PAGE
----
Infidelity hangs in the air like a general drizzle of restlessness that the wedding has quickened, and everyone in the group is hyperconscious of it. The main problem, it seems, is that they all wish they could muster more enthusiasm for it than they have, which is why the farce keeps getting stalled and sidetracked. This is a world of people too smart and seasoned to abandon themselves to transient pleasures of any sort, so with them farce becomes a trope for a young people's game they're sure they could still enjoy if only they didn't see through it so quickly. The territory is essentially the same as that in Donald Margulies' Dinner with Friends, filtered through a funhouse mirror that blurs and blunts the emotions. At one point, a couple's peeling off of each other's clothes comes to a screeching halt because one of them has the simpleminded gall to say, "I could love you."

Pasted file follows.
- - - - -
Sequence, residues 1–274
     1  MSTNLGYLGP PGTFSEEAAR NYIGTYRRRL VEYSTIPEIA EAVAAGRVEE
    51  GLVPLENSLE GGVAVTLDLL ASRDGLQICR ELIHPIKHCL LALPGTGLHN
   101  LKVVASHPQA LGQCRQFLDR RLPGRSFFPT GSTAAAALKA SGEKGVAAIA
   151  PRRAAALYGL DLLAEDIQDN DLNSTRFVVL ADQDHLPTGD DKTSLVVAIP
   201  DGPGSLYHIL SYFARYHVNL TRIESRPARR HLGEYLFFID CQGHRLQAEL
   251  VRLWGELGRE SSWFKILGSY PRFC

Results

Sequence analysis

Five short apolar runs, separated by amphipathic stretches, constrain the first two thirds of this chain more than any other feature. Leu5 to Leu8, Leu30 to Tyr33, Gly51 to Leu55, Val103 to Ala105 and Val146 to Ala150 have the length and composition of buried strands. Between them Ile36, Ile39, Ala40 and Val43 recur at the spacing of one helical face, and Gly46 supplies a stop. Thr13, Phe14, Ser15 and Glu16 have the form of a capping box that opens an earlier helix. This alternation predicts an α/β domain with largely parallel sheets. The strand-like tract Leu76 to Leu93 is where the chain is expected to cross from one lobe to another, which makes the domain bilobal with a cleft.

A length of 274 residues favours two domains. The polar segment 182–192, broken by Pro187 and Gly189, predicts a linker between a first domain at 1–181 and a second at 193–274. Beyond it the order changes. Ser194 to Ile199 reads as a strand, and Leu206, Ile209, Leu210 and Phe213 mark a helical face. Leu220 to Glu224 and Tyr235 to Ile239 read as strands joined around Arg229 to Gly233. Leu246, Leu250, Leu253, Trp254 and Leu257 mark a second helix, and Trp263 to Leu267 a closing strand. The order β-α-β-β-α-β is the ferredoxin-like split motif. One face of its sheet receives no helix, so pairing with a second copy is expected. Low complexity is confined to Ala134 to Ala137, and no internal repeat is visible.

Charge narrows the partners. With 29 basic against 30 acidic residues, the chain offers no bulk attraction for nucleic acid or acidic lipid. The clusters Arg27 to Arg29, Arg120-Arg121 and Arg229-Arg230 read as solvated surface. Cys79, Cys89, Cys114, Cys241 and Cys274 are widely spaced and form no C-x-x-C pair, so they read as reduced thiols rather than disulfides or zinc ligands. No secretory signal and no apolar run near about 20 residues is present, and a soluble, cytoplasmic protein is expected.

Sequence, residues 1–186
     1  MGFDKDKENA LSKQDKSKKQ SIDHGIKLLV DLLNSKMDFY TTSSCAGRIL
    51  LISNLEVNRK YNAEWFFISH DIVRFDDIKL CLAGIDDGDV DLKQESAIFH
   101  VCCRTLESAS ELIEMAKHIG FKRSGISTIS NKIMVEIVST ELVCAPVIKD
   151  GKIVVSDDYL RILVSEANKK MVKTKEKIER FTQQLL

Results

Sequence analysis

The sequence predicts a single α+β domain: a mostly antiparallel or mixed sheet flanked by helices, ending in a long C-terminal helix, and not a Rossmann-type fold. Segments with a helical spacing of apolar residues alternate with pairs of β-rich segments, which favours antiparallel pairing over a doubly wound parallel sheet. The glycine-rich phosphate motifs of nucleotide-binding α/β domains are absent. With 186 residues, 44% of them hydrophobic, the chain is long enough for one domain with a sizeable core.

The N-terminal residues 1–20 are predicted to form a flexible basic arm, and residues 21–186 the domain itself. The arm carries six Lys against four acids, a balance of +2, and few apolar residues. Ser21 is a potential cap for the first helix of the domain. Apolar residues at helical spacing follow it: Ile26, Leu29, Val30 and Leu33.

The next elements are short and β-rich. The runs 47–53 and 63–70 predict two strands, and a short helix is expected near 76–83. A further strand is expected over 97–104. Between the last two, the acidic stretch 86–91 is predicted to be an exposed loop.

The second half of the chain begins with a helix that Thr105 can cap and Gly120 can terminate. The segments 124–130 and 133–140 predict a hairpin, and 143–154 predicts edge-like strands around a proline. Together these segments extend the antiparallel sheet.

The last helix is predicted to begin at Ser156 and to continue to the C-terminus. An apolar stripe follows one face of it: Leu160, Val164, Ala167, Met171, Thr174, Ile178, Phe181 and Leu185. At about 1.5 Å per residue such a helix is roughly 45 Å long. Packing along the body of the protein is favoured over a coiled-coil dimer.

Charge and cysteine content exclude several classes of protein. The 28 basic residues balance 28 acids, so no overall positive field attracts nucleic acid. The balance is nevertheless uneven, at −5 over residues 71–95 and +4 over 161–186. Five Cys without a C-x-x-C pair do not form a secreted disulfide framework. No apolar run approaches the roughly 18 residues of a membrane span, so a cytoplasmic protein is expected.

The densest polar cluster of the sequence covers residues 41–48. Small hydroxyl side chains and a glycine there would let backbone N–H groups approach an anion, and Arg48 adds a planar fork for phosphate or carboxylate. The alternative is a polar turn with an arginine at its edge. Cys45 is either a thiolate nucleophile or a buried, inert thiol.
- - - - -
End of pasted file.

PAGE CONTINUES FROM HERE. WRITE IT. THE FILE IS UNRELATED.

The play is too diffuse to gel around a central character, but the best candidate for protagonist is Kate, a lovely poet, unhappy in her marriage, whose random swings between voracious sensuality and remote abstraction are played superbly by Karen Young. In the opening scene, Kate's small talk with her friend Angie, a brash bull-dyke who happens to have long, curly hair, a husband and kids, takes an abrupt literary turn when Kate starts comparing herself to Woyzeck ("I'm just limping in my heavy army boots, resentful, insane. I'm a tragic figure...")?whereupon Angie pulls her into a hot kiss that she doesn't immediately resist. Apart from that kiss, unfortunately, Mary Testa, who plays Angie, displays no sympathetic chemistry either with Young or anyone else in the cast.